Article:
This also hints at another of the themes Assayas is targeting: the irresolvable paradox of globalization. While the world strains to "connect" and further "dissolve" boundaries of nations with business and industry, it actually only creates an increasing alienation, manifested in the distance clearly felt between the siblings. The geographical distance from the house itself indeed proves to be a crucial factor in the decision-making of the characters when it really shouldn't have much to do with the preservation of one's own personal history. Jérémie, a businessman for Puma, and Adrienne, a designer attracted to modern style, have made their personal disconnection cultural. In their clothing, their speech patterns, and their views on the world, they have unintentionally separated themselves from the life created by Hélène and her painter uncle to the point where the placement of a decades-old vase in a museum or in an old house has become an entirely arbitrary and negligible consideration. Frédéric, on the other hand, given his relative proximity to the objects and the immediate family he still intends to pass them down to sees the dissolution of evocative family artwork to the level of vain public voyeurism to be sad and lamentable.

In spite of all these seemingly easy areas for critical objectivity, Assayas remains neutral and sensitive to the individual concerns of his characters. He's not making any generalized judgments about the increasing blindness of a younger generation towards the sophistication of an older one, or something like that. In fact, the film's uplifting ending manages to strike conflicting chords without trying to resolve them: a raucous gathering of adolescents, lead by Frédéric's daughter Sylvie (Alice de Lencquesaing), storm Hélène's old home just before its entry on the market, throwing the kind of elaborate summer party most high school kids would dream of. The scene is light and airy, filled with joy as Assayas' camera once again swoops in and out of the opulent rooms (now barren) in extended takes. Although most of the kids are obviously quite oblivious to the nature of the house they're trampling through, Assayas seems to be celebrating the idea that it's now a blank slate where new memories can be formed. This doesn't need to mean that the past is neglected either - Sylvie, in a scene that feels like Assayas' tribute to Claire's Knee, is overcome by the fleeting sensation of one of the paintings in the house, for she is standing right in the grassy meadow where it was made.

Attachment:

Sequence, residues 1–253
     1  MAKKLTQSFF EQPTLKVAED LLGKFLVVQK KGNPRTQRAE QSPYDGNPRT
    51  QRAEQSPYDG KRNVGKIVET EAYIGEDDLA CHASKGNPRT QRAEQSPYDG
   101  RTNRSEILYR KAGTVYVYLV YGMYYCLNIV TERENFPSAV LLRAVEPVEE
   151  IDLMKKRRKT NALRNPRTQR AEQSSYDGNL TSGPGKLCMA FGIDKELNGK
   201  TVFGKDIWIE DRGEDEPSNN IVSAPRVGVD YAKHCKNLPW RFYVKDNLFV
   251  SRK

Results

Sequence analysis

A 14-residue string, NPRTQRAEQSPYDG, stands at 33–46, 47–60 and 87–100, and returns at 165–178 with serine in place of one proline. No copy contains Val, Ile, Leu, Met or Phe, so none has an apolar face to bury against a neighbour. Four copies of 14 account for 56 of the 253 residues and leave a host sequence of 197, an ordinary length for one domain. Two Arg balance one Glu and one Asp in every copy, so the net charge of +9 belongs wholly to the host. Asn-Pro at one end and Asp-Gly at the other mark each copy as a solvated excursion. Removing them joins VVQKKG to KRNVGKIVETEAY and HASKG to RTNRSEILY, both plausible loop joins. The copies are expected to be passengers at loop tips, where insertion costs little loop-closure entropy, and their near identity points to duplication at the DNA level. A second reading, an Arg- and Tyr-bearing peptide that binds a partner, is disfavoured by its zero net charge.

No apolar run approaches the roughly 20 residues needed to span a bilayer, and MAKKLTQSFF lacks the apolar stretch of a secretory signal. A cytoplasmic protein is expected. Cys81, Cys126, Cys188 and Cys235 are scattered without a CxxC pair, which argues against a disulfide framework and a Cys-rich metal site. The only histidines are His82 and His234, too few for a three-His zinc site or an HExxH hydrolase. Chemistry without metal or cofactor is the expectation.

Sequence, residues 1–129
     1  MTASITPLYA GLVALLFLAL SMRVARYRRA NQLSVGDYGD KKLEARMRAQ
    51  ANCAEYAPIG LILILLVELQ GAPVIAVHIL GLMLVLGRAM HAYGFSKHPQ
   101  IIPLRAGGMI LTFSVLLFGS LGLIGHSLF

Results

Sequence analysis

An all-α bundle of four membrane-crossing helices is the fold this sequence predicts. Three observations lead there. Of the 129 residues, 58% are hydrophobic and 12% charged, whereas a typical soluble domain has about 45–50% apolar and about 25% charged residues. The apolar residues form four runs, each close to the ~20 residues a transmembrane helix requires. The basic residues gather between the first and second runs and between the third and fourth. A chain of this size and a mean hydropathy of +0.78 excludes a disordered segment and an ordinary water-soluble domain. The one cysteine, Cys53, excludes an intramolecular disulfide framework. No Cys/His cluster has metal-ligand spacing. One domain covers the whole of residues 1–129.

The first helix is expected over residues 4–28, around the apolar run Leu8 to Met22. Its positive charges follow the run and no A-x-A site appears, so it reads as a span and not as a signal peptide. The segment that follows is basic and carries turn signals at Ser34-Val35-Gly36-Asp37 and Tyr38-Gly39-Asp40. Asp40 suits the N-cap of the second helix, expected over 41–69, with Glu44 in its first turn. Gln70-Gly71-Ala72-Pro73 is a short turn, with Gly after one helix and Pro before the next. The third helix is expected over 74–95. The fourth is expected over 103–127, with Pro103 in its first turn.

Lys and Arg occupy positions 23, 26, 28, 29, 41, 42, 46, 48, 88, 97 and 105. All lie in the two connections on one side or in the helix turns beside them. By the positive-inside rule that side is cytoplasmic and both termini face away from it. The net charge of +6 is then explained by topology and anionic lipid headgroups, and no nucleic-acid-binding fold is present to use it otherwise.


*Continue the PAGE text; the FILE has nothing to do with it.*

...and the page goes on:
Moments before the party in Summer Hours' chronology is a short sequence where Éloïse returns to the house for the last time, peering in the windows at the spaces once filled with furnishings and life. Assayas' shoots the scene from inside the house looking out as Éloïse drifts by the windows. Is it from the house's perspective or Hélène's? Either way, it suggests a separate consciousness that lasts beyond living humans, a consciousness of place and history. Not only does this signal Assayas' interest in structural mirroring (the film begins with a scene of joy and then one of sadness and ends with a scene of sadness and then one of joy), but it also makes the case that both these seemingly opposite emotions spring from the same source, exist side by side. That's the totality of human experience right there, working in tandem in two elegantly simple scenes.


Jon said...

I watched this film soon after my own Grandmother passed away and found it to be a cathartic experience. It doesn't jump out at you, but is a film that lets you contemplate life and death and time passing. It is very elegant and reserved. I enjoyed this film a lot.

Carson Lund said...

Thanks for the comment, Jonny. It definitely does have a poignant way of touching upon personal experiences. It's quite "universal", and as much I feel dumb using that word, it really is in a decidedly unsentimental fashion.